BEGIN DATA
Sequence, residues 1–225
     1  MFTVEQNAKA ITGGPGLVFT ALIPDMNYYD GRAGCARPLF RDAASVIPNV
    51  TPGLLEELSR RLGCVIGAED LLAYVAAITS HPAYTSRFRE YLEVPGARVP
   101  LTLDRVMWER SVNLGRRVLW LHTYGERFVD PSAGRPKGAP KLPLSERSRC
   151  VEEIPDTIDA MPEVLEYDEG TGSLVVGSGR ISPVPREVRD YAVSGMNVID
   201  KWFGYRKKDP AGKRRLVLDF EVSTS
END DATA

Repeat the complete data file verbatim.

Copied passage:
Sequence, residues 1–225
     1  MFTVEQNAKA ITGGPGLVFT ALIPDMNYYD GRAGCARPLF RDAASVIPNV
    51  TPGLLEELSR RLGCVIGAED LLAYVAAITS HPAYTSRFRE YLEVPGARVP
   101  LTLDRVMWER SVNLGRRVLW LHTYGERFVD PSAGRPKGAP KLPLSERSRC
   151  VEEIPDTIDA MPEVLEYDEG TGSLVVGSGR ISPVPREVRD YAVSGMNVID
   201  KWFGYRKKDP AGKRRLVLDF EVSTS